Autokrator Depicts Harrowing “Persecution” Through Obliterating Cruelty (Early Album Stream)
For some, there’s a twisted pleasure derived from getting dominated, from having all control stripped away. While this powerlessness usually manifests through subversive fetishes, the French blackened death metal band Autokrator deliver the auditory equivalent of such an experience. Their latest album Persecution is akin to having one’s hands tied behind their back, and we’re premiering it ahead of its Friday release, along with a track breakdown by guitarist and bassist Loïc Fontaine.
Persecution sits within Autokrator’s thematic wheelhouse, as they’ve previously covered the savagery of the Roman empire and the frightening relationship between authority and obedience earlier in their career. Here, the French duo recount the Christrian persecution ordained by the Romans. They make obelisks crumble, burn religious iconography, and weave a tale of a civilization on the brink of collapse. Narratively, they sell the concept for a lifetime’s supply of Paris’ finest beignets. Their mammoth compositions swirl and topple in on themselves, rising only on the penultimate track “Caesar Nerva Traianus.” As opposed to the total autonomic deprivation the rest of Persecution displays, “Caesar Nerva Traianus” is victorious. Its rattling drums signal an impending triumph, but, as Fontaine reveals in the track-by-track breakdown, it’s a forlorn success.
The entire album runs like one gargantuan punishment due to slick-enough-to-miss-them transitions between tracks. Thankfully, Autokrator recognize the importance of pristine pacing and keep the affair just under thirty minutes (the last track is a spoken word outro which is more insidious than it is a respite). Thus Persection is a guillotine made out of cinder blocks, as crushing as it is swift.
Track-by-track from Loïc Fontaine – Autokrator Guitarist/Bassist:
The album, Persecution, portrays the persecution of Christians during the Roman Empire. This album, influenced by “Actes and Monuments” or “Book of Martyrs” of historian John Foxe, is divided into 5 chapters, plus one outro.
1. “De Gloria Martyrum Et Confessorum” — The Fourth Persecution, Under Marcus Aurelius Antoninus, A.D. 162:
The first song of the album has been the inspiration of the front cover, made by Nestor Avalos, which represents the dark side of Marcus Aurelius. Despite being an icon of Stoicism and remembered as a good emperor, Marcus Aurelius persecuted the Christians.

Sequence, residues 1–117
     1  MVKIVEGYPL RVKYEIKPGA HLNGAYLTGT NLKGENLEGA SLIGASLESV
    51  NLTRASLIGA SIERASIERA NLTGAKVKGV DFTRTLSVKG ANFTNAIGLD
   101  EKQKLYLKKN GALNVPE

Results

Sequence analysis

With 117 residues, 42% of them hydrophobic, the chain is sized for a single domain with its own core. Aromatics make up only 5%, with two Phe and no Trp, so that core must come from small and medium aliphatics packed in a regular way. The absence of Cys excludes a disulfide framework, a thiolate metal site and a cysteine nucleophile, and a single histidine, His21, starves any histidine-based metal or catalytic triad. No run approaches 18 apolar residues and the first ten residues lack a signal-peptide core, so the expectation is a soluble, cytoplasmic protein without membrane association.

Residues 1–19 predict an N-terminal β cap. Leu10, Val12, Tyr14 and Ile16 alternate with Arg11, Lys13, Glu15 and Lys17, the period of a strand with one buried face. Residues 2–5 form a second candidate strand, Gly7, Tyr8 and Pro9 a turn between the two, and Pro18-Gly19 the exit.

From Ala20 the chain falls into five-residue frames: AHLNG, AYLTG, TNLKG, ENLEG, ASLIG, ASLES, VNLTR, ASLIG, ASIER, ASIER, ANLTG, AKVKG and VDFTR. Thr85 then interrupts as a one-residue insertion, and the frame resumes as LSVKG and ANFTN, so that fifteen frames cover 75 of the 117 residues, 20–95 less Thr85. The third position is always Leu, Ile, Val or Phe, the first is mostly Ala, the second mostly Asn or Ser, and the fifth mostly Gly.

Lyrics have been inspired by Saint Polycarp’s dialogue with the Roman Proconsul Statius Quadratus.
2. “The Great Persecution” — The Tenth Persecution, Under Diocletian, A.D. 303:
The song talks about the Diocletianic persecution of the Christians. Diocletian drafted four edicts which led to destructions of cult places, deprivation of some rights, arrests, tortures, and sacrifices.
3. “DCLXVI” — The Second Persecution, Under Domitian, A.D. 81:
The song is about Roman Emperor Domitian and his persecution of the Christians, and the lyrics of this song are from Bible Revelation 8:7 and 13:1. In Roman numerals, DCLXVI represents 666.
According to Bible Revelation 13:18:
“Here is wisdom. Let him that hath understanding count the number of the beast: for it is the number of a man; and his number is Six hundred threescore and six.”
In his book ‘The White Goddess,’ theoretician Robert Graves concludes that DCLXVI stands for Domitius Caesar Legatos Xti Violenter Interfecit— which means “Emperor Domitian violently killed the ambassadors of Christ.”
4. “Antechristus” — The First Persecution, Under Nero, A.D. 67:
This song is parallel to “DCLXV.”
According to some theologians, the Greek version of Nero is “Neron Kaisar,” transliterated into Hebrew letters gives “nrwn qsr” giving 666.
Some theories also draw a parallel between the destruction of Babylon in the Book of Revelation and the Great Fire of Rome during the reign of Nero.
In “The Annals,” Tacitus claims that Nero himself started the burning and burned Christians to serve as lamps by night.
5. “Caesar Nerva Traianus” — The Third Persecution, Under Trajan, A.D. 108:
This song represents the Roman army conquering and acclaiming Emperor Trajan.
This song is the closing chapter of the album. Taken from the Biblia Sacra Vulgata’s apocalypse, the track represents the end of the world as well as the end of the album.
Persecution releases November 5th via Krucyator Productions.